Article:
Birthday celebrations were big in my family, but not something I have been big in celebrating. My mother made it all happen. Three of the family had birthdays in the one week, first me, then my father then my brother. Mum would bake each of us a cake, with icing, candles and all, and the birthday person chose the menu for the evening. To say the least I was a bit over birthdays by the end of the week.
Dad found it hard to put his feelings into words but loved big gestures, and honoured Mum on her eightieth with a big event at the local but swish golf club. I imagine he put no limit on who she asked and there was a good mix of family and their social groups. My daughters and I had fun presenting Mum with a surprise presentation which I think she spent days worrying about beforehand – she kept saying “Don’t do a speech about me as if it’s a funeral.” We didn’t, we showed our appreciation with humour and kept it light and funny but in retrospect I wonder if it was more about enjoying our expression than being sensitive to her. I know my brother disapproved.
For mum the highlight of her eightieth birthday was that my son and his wife arrived on the doorstep with their week-old baby. The child remained the talk of everyone there for years to come and it made mum’s day.
Come her ninetieth one of my daughters proposed we make a splash, as Mum was still well, but signs of fading health were evident, so why not seize the moment. Mum was astonished that she was still alive as none in her blood family had ever reached this age. It seemed like a good idea at the time to celebrate her age. Since Mum loved scones and cream, we proposed a ‘high tea’ in a lovely room in the retirement village she was living in at the time. In my mind it would be a smallish event. In hindsight I feel I presented the idea to her rather than asking what she would like, probably because she would always say, ‘Nothing special, just to have the family around’.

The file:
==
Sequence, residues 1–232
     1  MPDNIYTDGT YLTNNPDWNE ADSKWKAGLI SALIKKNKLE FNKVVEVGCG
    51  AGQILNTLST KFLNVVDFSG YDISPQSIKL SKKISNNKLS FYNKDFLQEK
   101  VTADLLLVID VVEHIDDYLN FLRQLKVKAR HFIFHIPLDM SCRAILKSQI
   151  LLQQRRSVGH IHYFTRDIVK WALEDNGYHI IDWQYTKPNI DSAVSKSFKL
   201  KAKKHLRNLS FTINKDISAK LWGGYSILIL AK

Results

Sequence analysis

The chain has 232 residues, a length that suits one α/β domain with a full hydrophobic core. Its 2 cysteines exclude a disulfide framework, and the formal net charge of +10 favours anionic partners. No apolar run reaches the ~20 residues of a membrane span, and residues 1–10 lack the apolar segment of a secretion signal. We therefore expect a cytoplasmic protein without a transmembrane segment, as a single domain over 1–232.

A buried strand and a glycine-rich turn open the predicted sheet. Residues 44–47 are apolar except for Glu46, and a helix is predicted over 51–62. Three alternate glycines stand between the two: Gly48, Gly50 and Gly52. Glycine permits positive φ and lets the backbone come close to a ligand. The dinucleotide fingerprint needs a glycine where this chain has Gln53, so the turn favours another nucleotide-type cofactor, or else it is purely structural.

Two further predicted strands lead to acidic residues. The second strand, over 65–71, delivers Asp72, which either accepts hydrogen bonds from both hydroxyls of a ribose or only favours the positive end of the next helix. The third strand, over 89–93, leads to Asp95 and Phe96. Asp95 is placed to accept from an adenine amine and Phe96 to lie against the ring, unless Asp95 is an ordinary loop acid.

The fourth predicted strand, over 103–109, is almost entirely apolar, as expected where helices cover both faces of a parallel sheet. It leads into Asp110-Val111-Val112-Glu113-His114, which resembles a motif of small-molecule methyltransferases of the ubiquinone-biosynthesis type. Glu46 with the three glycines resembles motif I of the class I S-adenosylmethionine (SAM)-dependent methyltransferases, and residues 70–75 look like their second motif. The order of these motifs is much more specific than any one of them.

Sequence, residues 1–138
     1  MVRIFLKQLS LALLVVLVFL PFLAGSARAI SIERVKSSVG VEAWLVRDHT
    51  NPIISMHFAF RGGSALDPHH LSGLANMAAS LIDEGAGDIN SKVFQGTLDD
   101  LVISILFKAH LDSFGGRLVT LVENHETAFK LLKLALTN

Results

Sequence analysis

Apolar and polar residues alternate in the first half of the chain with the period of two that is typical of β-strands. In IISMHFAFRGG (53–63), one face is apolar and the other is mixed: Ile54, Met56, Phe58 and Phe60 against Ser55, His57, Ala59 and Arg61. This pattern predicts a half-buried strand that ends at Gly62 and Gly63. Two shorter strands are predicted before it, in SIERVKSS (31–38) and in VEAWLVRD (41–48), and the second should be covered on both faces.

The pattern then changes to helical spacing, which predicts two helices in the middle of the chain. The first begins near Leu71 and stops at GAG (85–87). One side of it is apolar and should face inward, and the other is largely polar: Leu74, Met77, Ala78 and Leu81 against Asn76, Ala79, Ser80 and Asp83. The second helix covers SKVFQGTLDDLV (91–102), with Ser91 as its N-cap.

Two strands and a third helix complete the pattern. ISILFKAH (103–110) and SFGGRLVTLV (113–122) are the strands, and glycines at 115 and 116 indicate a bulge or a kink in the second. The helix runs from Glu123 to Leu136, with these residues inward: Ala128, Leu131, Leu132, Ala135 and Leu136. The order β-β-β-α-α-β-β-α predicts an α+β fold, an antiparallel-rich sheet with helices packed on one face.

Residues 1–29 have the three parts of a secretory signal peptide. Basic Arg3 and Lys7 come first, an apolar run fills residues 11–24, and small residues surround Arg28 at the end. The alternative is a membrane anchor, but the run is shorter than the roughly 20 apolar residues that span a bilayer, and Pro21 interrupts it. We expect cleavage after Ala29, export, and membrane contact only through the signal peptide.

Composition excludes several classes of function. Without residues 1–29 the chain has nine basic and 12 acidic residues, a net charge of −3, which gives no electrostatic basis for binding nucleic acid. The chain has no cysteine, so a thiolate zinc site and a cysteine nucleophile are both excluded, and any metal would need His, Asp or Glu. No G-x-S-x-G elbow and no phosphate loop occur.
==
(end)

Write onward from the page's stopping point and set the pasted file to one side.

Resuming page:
We asked her to make a list of the people special to her that she would like to invite. In my mind was a figure of about 10 - 20 people at most. She came back with a list of over a hundred which was way beyond my catering budget, so we discussed other ways of making it affordable. In the end she shortened the list.
As said before, I’m not one for big celebrations, so it required effort on my part to get into it and then I went into event organiser mode. I felt a bit mean not initially being excited by the idea, but as plans came together with each of us doing our part I began to look forward to it.
However, in many ways this celebration of her ninetieth year revealed a lot about the falseness of celebrations in our family, and how I was trying to be the good daughter, and in fact modelling my mother’s behaviour, as she was the event organiser of the family and would take control of all the fine details and involve us all in every event, such as Christmas and the big birthdays. It was exhausting!
Although Mum was not organising the event she worried about it. I lived afar from her, so organising it was done during a combination of visits and many phone calls with my daughter who lived locally, and the event became the focus, not my Mum.
Firstly, the large birthday list was because if you invited this person then you had to invite that person etc, and for her it was important not to cause upset. She was also caring and considerate as most guests were elderly, so it was important to invite another family member to drive them to the party.
Neither of my brothers were available at that time to even talk to for support – one had distanced himself from the family and the other had isolated himself to focus on supporting his terminally ill wife and could not commit to being there.